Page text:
Paleoanthropology: Dating the Cave Deposits of South Africa
Both the South African sites of Sterkfontein and Makapansgat are comprised of cave deposits with sediments that are calcified as cave breccia. This includes the South African sites of Kromdraai and Swartkrans, as well. The provenience of a fossil or artifact is extremely important in that it can establish relative age. In many cases, following the geologic principle of superposition, a paleoanthropologist can determine the relative age of a fossil or artifact based on the strata in which it is found in comparison to other strata. It is crucial to realize, however, superposition can only determine a relative age, not an absolute age, because the time between the formation of strata can vary immensely. In the previously mentioned South African sites, fossils and artifacts are dated by other means. Here, anthropologists must rely on biostratigraphy. Biostratigraphy is a relative dating technique and, by definition, is the “study of fossils in their stratigraphic context.” According to the principle of biostratigraphy, “fossils can be dated relative to their stratigraphic correlation with other fossils of known age” (Park, 2008).
One reason anthropologists must rely on biostratigraphy at the sites of South Africa is because “none of these sites contain rocks suitable for precise radiometric dating” (Conroy, 2005). There is also a fair amount of sediment mixing due to past mining activities (oddly enough, something that led to the discovery of these sites to begin with). Finally, South African sites have undergone an intense array of geologic changes. It is not simply a matter of finding a fossil or artifact in provenience and stating a temporal affiliation. These sites have experienced exposure to the surface. For example:
Swartkrans Cave in South Africa was initially formed by the solution of dolomite in ground water. […] As the water level in the region dropped, the cavern filled with air, and rainwater caused joints or other natural planes of weakness in the rock to form in the dolomite overlying the cave. Eventually, one or more of the joints broke through the surface, thereby providing a direct passageway between the cave and the surface. (Conroy, 2005).
In turn, varying sediment, fossils, and artifacts have washed (or are sometimes dropped by predators) into these sites and are now intermixed and encased in breccia. Superposition obviously becomes a problem in such cases because finds are not necessarily deposited in situ.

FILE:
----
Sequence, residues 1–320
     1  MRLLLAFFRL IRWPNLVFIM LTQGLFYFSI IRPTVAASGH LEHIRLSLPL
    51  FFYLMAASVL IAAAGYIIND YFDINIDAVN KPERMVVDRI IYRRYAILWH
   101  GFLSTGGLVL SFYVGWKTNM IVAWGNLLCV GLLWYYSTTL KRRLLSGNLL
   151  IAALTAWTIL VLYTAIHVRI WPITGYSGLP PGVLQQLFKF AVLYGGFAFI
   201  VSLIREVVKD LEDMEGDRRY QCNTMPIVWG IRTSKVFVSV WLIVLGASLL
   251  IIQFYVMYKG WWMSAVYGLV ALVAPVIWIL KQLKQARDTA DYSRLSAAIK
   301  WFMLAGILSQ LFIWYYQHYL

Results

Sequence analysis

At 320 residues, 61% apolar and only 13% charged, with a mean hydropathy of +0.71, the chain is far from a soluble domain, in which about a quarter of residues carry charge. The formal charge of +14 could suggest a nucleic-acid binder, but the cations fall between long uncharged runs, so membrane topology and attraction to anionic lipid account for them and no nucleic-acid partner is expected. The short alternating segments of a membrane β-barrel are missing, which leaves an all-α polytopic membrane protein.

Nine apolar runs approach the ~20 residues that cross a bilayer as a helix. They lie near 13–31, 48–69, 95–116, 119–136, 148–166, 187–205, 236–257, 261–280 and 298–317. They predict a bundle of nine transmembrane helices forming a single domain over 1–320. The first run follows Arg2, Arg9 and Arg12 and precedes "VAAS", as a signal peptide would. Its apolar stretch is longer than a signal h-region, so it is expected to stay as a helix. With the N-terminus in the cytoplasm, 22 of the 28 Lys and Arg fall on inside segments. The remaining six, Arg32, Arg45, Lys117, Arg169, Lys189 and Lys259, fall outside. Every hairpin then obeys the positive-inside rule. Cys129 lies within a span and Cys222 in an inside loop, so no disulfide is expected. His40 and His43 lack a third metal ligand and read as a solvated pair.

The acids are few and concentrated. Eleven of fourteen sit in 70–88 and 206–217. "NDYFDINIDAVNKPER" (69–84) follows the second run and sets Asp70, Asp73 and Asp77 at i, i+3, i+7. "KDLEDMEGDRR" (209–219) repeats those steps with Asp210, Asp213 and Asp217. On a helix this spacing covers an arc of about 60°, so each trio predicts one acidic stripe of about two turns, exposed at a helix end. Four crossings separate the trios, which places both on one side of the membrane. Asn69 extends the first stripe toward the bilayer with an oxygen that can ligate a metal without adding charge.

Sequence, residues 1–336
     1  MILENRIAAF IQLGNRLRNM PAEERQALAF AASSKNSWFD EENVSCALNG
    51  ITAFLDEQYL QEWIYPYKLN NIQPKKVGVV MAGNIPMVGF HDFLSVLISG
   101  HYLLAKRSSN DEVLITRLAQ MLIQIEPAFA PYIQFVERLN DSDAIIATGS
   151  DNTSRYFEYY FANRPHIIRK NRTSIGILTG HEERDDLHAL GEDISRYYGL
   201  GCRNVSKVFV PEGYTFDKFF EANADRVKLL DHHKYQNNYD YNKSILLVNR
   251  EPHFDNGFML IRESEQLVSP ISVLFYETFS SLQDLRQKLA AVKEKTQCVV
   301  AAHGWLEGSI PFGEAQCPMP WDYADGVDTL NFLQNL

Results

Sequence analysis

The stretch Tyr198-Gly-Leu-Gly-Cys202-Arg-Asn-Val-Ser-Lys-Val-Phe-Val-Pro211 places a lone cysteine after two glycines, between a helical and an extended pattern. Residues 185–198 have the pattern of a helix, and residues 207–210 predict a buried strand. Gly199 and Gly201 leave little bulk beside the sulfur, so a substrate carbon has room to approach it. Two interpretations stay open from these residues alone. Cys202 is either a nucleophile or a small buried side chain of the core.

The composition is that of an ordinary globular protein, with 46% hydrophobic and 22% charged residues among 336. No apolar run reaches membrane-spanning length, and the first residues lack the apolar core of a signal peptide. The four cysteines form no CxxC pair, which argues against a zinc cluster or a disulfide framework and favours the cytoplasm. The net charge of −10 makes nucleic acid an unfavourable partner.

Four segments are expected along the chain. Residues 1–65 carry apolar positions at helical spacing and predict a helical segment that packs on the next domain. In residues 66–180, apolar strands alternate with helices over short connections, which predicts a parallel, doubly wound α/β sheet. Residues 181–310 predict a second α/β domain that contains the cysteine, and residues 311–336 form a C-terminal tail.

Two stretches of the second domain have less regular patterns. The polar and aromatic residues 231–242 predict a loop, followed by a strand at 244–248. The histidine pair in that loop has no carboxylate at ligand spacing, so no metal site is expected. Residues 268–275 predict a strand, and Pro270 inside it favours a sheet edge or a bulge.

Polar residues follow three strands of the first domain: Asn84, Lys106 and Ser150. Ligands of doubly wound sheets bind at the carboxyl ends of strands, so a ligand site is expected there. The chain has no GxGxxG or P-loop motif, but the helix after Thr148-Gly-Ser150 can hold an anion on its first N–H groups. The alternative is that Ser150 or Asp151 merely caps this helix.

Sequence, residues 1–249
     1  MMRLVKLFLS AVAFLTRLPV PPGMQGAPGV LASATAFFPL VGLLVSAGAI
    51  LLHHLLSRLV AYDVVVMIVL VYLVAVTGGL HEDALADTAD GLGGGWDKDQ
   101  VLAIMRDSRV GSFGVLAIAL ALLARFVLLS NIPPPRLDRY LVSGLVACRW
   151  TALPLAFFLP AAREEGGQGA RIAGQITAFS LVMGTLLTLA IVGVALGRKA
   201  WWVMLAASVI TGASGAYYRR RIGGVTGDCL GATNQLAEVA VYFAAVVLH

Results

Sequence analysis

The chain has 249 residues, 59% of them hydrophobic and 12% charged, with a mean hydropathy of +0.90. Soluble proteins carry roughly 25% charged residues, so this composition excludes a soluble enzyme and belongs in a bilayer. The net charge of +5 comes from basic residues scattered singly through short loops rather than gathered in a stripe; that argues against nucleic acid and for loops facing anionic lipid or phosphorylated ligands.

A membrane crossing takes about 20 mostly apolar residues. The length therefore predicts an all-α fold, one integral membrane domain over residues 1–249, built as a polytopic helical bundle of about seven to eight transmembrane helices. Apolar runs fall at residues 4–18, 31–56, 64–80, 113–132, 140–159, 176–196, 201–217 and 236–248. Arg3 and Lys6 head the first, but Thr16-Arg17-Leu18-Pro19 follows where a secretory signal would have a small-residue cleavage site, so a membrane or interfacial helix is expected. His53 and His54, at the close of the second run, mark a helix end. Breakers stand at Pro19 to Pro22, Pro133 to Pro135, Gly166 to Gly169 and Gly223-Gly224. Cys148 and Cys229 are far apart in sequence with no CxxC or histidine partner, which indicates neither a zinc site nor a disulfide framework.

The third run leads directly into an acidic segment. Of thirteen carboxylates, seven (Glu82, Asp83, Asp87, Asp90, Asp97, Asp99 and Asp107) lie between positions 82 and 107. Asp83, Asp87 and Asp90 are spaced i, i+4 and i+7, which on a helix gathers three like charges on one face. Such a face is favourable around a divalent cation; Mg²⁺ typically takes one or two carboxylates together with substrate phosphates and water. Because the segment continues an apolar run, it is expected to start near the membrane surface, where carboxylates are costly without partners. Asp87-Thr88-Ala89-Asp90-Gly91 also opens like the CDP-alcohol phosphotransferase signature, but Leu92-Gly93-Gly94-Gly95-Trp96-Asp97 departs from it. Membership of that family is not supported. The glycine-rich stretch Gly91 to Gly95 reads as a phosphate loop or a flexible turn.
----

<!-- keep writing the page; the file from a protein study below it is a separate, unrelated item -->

A perfect example of biostratigraphic dating can be seen when we examine the studies of Lee Berger (2002). In the American Journal of Physical Anthropology, Berger et. al. examined the results of other studies in regard to the age of Australopithecus at Sterkfontein. Undoubtedly, the strength of the argument proposed by Berger et. al. relies mostly on the evidence that “some mammalian forms once thought to be confined temporally to the Pliocene, and thus of value in establishing palentological ages, are now known from the Pleistocene” (p. 193). In other words, the appearance of the mentioned mammalian forms in the same strata as an australopithecine does not necessarily state a Pliocene affiliation, as earlier supposed. Additionally, as stated in the research, the Sterkfontein site does not follow the principle of superposition. There are “areas of collapse and reworking where mixing of older and younger fossils is evident” (p. 193). As a whole, Berger et. al. have examined the paleontological data collected thus far and presented an alternative hypothesis in terms of biostratigraphy and relative dating of the Sterkfontein deposit:
Our interpretation of the fauna, the archeometric results, and the magnetostratigraphy of Sterkfontein indicate that it is unlikely that any Members yet described from Sterkfontein are in excess of 3.04 Ma in age. […] Our results suggest that Australopithecus africanus should not be considered as a temporal contemporary of Australopithecus afarensis, Australopithecus bahrelghazali, and Kenyanthropus platyops. (p. 192).
Their observations are certainly worth consideration. In terms of the cave deposits of South Africa, they show the difficulty in determining the relative ages of fossils at these sites. The same remains true for stone tools affiliated, or not affiliated, with fossils discovered in South African cave deposits. Finds can be deposited in these caves a number of ways and, due to this, fossils or artifacts can be intermixed with others in the same strata but still not be situated in the same geologic time.
Berger, L., Lacruz, R., & de Rulter, D. (2002). Breief Communication: Revised Age Estimates of Australopithecus-Bearing Deposits at Sterkfontein, South Africa. American Journal of Physical Anthropology, 119, 192-197.
Conroy, G. (2005). Reconstructing Human Origins. New York: Norton.
Park, M. (2008). Biological Anthropology. New York: McGraw-Hill.